"I know! They'll BOTH start!"
They’ve got some brilliant hockey minds in Chicago these days. Just brilliant.
Remember how the Blackhawks signed Cristobal Huet to a huge deal out of the blue and are currently contributing $12.375 million of their cap number to goaltending? They meant to do that, and they’re going with a two-starter system.
“We’re going to push each other to play and to compete,” Huet said. “It’s going to benefit the team. He’s definitely a great goalie. There’s going to be competition, obviously, [but] it’s always like that with any NHL team. This year is going to be a little more than the average team, but it’s great. We’re going to work together and make it happen every night so we can [get] some wins.”
Wrong-o, Mr. Huet. The best NHL teams tend to be the ones with clear-cut starters and an above-average career backup (Detroit obviously being the exception to this rule). Were it not for injury and deadline deals, almost every playoff team in either conference would have had one goalie play 50-plus games and a number of backups pick up the slack. Only Montreal (early uncertainty about Carey Price, their now-clear No. 1) and Pittsburgh (Marc-Andre Fleury injury) don’t fit the bill in the East, and only Detroit (Osgood/Hasek tandem) did it in the West.
Newsflash: Chicago is not as good as Detroit, or even close. Chicago allowed an extra 5.1 shots a game last year and hasn’t improved defensively this year, so why go this route? Oh yeah, “it’s all about winning,” right?
“It’s all about winning—it’s not about keeping people happy,” Tallon said. “We want to have an opportunity … to have the best goaltending every night. If by chance that’s not going to work as far as number of games played or not wanting to be here then we have to look at that. … If it’s keeping Khabibulin, we do that. If it’s not, then we move on and we try to do something that makes sense for both of us.”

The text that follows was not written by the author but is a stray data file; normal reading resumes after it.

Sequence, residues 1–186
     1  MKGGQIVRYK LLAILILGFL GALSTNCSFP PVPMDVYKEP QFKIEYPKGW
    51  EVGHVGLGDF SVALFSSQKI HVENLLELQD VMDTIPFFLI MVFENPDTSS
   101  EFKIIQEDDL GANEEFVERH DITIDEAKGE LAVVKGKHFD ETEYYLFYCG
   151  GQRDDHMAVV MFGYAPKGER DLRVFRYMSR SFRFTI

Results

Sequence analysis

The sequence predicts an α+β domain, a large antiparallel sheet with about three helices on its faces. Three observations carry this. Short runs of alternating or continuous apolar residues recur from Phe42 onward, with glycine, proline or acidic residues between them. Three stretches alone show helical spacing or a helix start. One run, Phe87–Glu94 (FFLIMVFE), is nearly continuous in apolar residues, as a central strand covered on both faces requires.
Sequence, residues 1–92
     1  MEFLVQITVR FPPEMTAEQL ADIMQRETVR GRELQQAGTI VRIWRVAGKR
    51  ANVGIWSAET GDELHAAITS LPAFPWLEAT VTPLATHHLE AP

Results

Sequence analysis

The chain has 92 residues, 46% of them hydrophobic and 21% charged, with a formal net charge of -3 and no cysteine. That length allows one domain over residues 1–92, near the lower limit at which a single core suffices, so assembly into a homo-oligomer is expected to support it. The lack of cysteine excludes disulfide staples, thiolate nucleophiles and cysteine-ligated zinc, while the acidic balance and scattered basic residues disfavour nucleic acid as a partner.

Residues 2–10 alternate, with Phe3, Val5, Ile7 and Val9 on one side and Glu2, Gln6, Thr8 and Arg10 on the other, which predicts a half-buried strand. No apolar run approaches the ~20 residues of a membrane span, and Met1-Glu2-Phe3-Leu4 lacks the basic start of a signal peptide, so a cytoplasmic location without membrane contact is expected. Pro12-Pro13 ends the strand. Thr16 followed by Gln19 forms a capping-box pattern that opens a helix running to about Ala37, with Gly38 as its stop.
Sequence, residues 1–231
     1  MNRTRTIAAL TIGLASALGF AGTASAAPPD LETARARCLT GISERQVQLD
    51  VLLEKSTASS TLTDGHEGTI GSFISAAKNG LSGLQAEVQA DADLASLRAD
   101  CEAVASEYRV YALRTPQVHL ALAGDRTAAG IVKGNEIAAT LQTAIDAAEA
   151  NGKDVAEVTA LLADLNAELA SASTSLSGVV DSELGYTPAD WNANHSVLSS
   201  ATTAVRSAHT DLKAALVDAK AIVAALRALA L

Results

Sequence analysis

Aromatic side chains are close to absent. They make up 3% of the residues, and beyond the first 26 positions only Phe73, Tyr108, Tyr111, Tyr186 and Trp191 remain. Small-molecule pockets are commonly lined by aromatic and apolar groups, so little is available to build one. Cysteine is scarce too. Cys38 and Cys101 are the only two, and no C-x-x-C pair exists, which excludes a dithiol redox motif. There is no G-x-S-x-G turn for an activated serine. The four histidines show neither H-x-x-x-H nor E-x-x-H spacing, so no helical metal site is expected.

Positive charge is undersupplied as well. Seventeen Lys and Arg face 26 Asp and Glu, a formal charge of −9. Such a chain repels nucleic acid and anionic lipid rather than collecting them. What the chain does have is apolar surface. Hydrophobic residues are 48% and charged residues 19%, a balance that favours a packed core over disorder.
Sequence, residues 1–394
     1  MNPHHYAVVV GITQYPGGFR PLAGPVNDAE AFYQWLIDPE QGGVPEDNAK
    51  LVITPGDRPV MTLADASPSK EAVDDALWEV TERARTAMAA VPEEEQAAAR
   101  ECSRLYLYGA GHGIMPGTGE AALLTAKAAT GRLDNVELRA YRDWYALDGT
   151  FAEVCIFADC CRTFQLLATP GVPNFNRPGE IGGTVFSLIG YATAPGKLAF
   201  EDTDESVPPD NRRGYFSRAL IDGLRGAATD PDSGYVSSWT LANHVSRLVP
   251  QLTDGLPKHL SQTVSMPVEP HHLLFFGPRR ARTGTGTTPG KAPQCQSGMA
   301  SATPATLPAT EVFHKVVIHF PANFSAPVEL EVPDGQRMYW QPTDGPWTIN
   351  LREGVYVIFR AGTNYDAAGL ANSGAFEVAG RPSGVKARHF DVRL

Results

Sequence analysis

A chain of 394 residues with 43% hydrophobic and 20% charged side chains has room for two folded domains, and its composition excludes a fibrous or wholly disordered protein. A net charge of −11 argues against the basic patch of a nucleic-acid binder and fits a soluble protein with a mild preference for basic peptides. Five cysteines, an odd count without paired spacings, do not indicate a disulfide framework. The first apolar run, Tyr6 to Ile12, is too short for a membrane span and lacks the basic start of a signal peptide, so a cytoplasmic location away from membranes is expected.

Trade Khabibulin for whatever you can get right now. He’s too old and too expensive to make any kind of sense on a team that’s trying to grow.
Oh, and Tallon hasn’t talked to Khabi about this yet.
”Nik’s in Belarus. It’s hard to get ahold of him there,” Tallon said. ”But I did talk to his agent the day after [Huet's signing], and we had a great conversation.
”I’m sure [Khabibulin] was taken aback, and rightly so. No one saw this coming, except within our staff. But this is all about winning. It’s not about keeping people happy.”
Tallon reiterated that he doesn’t plan to trade Khabibulin.
Read that last line again and try to wrap your head around it. It’s making my brain hurt to think that an otherwise competent organization is spending more than $2.5 million over the cap right now and won’t trade one of the two players making more than $5.6 million, of whom they can only play one per night.
Chicago will be able to compete for a postseason berth by virtue of the entire Northwest division falling all over itself to get worse and not take up three playoff spots (more on that tomorrow), but this strategy is mind-numbingly stupid.